I don’t doubt that the Packers will move the ball on the Vikes this week, but they can’t trade 3’s for 7’s. ST must find a way to convert red zone opportunities into TDs. This is just as important as not throwing picks.

  2. If someone can motivate this team we will be fine. This should be an easy victory, even without a qb. Please someone light the fire under their asses.

  3. Marques you point out an obvious weakness with the Vikings defense. Mike McCarthy bragged about Tolzien completing all nine of his big play passes – something he has never seen before. NOW, if we waste most of the game in run, run, long pass mode, I will call for the immediate release of the entire coaching staff (I’m sure someone will listen).

    I understand that Tolzien is green but if our playcalling isn’t creative and doesn’t force the Vikings to play the entire field, then don’t bother putting on the pads. It is sh1t or get off the pot time for this team and this playcaller.

    Go Packers

  4. Here’s who the Vikings have had to compete against…


    Tolzien is nowhere near any of these guys (maybe he could become a “Hoyer” in time).

    Throw all your silly stats out the window.

    Packers have proven that they are not capable of winning without Rodgers.


    Bonus prediction – C. Patterson has a TD reception longer than 50 yards.

  5. To me there are 2 keys to this W:

    1. Tolzein can’t throw another 2 picks.

    2. The miscommunication in the deep 1/3 and the run D need to wake the heck up.

    Yes, the players need to execute. But we’re 5 years into Capers system. Those communication problems are coaching problems at this point. If the players aren’t doing it right it’s because the coaches haven’t taught it right.

  6. If the Packers can’t even beat the Vikings, then they deserve to land in the bottom of the division. This has A LOT more to it than just Aaron Rodgers’ injury, it also shows that the Packers have already given up on the season. It would confirm what we have long suspected ever since the playoff game against San Francisco from last year. That they just don’t have a sense of urgency anymore.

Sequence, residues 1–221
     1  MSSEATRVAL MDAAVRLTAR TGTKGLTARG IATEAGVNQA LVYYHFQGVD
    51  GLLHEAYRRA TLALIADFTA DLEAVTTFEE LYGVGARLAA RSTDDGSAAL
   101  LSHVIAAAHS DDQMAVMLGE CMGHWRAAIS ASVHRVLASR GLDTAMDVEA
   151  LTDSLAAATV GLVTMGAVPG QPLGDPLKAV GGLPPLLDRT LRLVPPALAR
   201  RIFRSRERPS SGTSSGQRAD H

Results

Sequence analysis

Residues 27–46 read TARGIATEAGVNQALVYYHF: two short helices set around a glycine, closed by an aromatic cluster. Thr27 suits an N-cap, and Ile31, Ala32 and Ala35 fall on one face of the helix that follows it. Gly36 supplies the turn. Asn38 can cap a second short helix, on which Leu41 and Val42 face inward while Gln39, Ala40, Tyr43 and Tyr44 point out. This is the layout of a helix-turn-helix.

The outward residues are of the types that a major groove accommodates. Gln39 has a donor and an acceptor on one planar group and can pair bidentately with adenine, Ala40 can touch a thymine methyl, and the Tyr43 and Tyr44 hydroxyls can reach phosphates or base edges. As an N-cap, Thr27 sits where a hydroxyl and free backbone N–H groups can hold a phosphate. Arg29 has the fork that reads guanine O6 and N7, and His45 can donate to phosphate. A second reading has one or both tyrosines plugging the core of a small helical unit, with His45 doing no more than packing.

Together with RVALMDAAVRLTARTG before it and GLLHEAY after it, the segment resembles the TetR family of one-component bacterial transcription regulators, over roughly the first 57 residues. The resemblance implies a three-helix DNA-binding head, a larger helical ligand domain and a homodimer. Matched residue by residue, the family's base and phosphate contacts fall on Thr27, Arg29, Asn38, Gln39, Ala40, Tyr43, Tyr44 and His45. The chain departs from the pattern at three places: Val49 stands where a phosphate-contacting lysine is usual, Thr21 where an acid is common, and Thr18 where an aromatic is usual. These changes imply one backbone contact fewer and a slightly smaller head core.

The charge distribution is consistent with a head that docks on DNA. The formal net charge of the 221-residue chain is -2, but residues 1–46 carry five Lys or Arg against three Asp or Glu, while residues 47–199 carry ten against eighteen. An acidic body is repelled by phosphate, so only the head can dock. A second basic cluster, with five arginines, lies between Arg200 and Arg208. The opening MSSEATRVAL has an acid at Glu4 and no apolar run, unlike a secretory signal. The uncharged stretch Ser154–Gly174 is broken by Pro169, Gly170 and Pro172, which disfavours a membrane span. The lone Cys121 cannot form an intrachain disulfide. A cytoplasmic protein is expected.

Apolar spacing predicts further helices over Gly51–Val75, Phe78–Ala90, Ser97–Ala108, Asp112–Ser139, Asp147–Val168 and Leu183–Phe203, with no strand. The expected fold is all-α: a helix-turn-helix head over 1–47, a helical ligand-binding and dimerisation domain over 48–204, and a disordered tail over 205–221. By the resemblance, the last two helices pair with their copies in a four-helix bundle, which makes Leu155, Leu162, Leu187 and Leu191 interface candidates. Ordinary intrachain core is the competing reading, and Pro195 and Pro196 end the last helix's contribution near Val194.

I’m not saying it’s over, just that it might as well be if they continue to play like they have in the last few games.

  7. Call me crazy, but I would like to see Chris Banjo replace McMillan this game and would Lattimore to get some time.

    1. You are NOT crazy. I have some duck decoys that would make us more effective at the safety position. At least we should be practicing guys like Banjo and Hyde up – giving them more reps. McMillan and Jennings are taking development time from the eventual replacements.

      1. I guess the question is: would you rather see Banjo/McMillian/Jennings playing safety or Jarrett Bush trying to cover receivers?

    2. Packers have given up on McMillan this season. I haven’t seen him on the field much the past few weeks. Jennings is getting most of the playing time at safety followed by Banjo. More Banjo should certainly be in the cards going forward.

      Lattimore should have been allowed to replace Jones, as I’ve said since before Jones even returned. He simply makes plays and he needs to be on the field far more than he has recently. That kid is an F’in player!